Advertising Standards

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Advertising Standards

The ASA is the independent, self-regulatory body for non-broadcast
advertisements, sales promotions and direct marketing in the UK. We
administer the British Code of Advertising, Sales Promotion and Direct
Marketing (The CAP Code) to ensure that advertisements are legal,
decent, honest and truthful.

CODE of advertising

All marketing communications should be legal, decent, honest and

All marketing communications should be prepared with a sense of

to consumers and to society.

All marketing communications should respect the principles of fair

generally accepted in business.

No marketing communication should bring advertising into disrepute.

Marketing communications must conform with the Code. Primary

for observing the Code falls on marketers. Others involved in
preparing and

publishing marketing communications such as agencies, publishers and

service suppliers also accept an obligation to abide by the Code.

Any unreasonable delay in responding to the ASA's enquiries may be

considered a breach of the Code.

The ASA and CAP will on request treat in confidence any genuinely
private or

secret material supplied unless the Courts or officials acting within

statutory powers compel its disclosure.

The Code is applied in the spirit as well as in the letter.

Business Stakeholders

Stakeholders are any group of people such as employees, suppliers,
customers and the local community, which have an interest in your

BOOK! Page 317

Pressure Groups

A pressure group is an organisation or group of people, which try to
influence important decisions. The group will try to create or stop a
certain outcome from happening, fighting for what they believe in.
Allot of pressure groups are concerned with the welfare of the Earth
and the environment, such as the World Wide Fund For Nature and Green

BOOK! Page 317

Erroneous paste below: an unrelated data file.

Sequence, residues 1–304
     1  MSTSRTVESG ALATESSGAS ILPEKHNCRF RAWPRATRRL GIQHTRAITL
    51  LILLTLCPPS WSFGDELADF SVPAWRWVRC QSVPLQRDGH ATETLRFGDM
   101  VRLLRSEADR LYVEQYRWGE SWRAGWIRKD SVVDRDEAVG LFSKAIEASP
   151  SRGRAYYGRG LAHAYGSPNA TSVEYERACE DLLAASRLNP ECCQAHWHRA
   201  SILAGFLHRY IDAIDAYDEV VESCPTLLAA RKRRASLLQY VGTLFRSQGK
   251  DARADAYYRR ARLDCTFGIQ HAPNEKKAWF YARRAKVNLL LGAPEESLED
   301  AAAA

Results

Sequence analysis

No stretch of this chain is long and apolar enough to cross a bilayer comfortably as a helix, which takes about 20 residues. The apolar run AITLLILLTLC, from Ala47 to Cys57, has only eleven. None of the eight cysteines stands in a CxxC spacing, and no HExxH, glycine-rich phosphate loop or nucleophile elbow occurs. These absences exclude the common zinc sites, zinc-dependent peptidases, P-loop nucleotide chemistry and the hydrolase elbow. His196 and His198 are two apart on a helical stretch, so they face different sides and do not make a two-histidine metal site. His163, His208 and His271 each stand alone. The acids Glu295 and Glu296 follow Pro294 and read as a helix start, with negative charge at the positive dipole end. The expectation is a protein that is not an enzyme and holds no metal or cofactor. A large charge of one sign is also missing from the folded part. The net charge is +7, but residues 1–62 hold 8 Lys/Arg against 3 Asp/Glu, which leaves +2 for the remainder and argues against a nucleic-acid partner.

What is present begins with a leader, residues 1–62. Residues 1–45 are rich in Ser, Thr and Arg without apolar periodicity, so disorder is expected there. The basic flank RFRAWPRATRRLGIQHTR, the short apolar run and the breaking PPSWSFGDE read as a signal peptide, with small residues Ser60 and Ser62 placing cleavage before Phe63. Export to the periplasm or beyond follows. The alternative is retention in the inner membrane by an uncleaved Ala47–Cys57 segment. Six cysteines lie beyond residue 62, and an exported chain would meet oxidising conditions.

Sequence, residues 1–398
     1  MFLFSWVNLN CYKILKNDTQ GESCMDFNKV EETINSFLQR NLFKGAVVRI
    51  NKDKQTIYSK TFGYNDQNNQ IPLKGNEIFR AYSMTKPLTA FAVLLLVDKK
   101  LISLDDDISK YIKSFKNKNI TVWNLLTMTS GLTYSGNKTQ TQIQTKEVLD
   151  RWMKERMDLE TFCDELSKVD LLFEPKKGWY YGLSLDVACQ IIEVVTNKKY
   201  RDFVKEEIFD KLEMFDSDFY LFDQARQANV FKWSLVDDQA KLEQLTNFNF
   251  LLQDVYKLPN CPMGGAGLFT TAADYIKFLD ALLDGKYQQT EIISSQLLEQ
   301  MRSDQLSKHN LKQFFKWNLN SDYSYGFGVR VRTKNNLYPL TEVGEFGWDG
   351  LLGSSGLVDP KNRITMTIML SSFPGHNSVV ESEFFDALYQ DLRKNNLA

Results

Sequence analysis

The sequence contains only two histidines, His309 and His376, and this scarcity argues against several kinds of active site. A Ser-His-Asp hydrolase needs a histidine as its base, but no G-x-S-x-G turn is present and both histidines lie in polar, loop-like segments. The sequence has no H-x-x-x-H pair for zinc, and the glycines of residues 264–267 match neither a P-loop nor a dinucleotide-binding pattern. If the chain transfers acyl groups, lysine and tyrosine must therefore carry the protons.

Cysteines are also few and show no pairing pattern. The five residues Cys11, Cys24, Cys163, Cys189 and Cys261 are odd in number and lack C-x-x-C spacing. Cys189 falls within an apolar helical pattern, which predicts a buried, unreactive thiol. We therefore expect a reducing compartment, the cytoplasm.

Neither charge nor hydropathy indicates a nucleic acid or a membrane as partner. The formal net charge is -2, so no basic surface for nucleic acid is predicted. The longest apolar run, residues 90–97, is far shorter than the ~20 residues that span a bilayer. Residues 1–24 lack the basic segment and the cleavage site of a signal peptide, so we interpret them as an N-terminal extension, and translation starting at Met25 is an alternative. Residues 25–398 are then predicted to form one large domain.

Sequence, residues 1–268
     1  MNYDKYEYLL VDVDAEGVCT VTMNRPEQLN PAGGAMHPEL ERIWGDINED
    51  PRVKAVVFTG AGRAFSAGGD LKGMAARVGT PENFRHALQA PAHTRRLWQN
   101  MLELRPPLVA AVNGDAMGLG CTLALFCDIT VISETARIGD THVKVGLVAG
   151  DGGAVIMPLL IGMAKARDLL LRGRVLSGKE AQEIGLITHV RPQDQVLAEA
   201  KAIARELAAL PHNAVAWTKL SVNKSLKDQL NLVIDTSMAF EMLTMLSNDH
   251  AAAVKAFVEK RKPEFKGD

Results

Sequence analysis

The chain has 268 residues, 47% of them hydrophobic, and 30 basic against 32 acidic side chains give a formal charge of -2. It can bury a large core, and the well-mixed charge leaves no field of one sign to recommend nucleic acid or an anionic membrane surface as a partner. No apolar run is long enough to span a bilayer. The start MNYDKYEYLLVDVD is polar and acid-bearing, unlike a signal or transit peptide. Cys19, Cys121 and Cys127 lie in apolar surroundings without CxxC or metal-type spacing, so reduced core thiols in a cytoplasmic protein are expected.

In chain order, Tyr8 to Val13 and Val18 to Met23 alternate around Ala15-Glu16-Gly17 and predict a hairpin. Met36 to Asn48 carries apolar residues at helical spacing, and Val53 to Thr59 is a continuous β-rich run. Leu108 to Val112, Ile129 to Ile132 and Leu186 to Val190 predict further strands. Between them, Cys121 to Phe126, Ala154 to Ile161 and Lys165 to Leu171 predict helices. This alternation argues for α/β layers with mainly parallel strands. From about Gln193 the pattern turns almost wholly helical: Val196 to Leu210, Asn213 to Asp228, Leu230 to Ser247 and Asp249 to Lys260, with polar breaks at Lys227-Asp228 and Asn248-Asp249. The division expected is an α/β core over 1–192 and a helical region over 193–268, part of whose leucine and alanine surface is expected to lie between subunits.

Trade Description Act - pages 190,319

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MLA Citation:
"Advertising Standards." 23 Jun 2018
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Related Searches

This act is designed to protect the buyer of goods. It attempts to
ensure that the description of the product forms part of the contract
made between the buyer and seller. It's a criminal offence for any
good or service to be described falsely.

Monopoly and mergers

This act is designed to determine whether any possible mergers or
monopolies should be allowed proceed. The act is there to protect
against monopolies using their power to charge excessive prices.
Charging very low prices to eliminate competition, then when
competition has been eliminated rising prices high again.


Marketing Penetration - 349

This is where a company expands market share in an existing market by
using existing products. This can be done in 4 main ways.

1. Persuade existing customers to buy more of the same product, this
can be done buy promotions such as 3 for 2. This make the customer
feel as if they are getting more for their money, and hopefully
could stop them from switching to alternative brands.

2. Attracting new customers to products. This can be done buy
improving the image of the product, new packaging, reducing price,
or buy giving a % extra free.

3. Poaching customers from competitors. Buy reducing price, giving
freebies, and a % extra free with the product. Doing this could
increase your market share and reduce your competitors.

4. Withdrawing other products. Buy withdrawing less profitable
products, similar products can become more profitable, and sell

New Product Development - 324-326

A new product may replace and old product, opens up a new market area,
or broadens an existing market.

There are 6 processes involved in the development of a new product:


To design and make a product there first needs to be an idea, whether
it's a update on an existing idea/product or a completely new concept.

Screening of Ideas

When you have got some good ideas, you then need to pick the best one
and reject the others. Seeing how well the product fits in with other
products within the range can do this. Seeing how unique the idea is
and how competitive it could be, and how much demand there is likely
to be, also helps the choice.

Marketing Analysis

Once the product has been decided on, more marketing analysis begins.
The market potential of the product need to be found. Doing this we
can see the market volume, how many units are likely to be sold, and
how much profit could be made.

Product Development

Now you have decided on the idea and found that it is viable to
produce, you must change the idea into an actual product. Make the
product using the materials and technology needed, looking at
packaging and branding also.


Test the product to make sure that it fully fulfils its intended
purpose. Use market research to identify whether the product is
attractive to its potential buyers, taking any comments, suggestions
into consideration.

Launch and commercialisation

Launching the product is the most important day, the public finally
get to see and purchase the product. TV adverts before and straight
after the launch are effective and grab peoples attention and make
them interested in your product.

Diversification - 326

Life cycle - 327

Boston Matrix - 329

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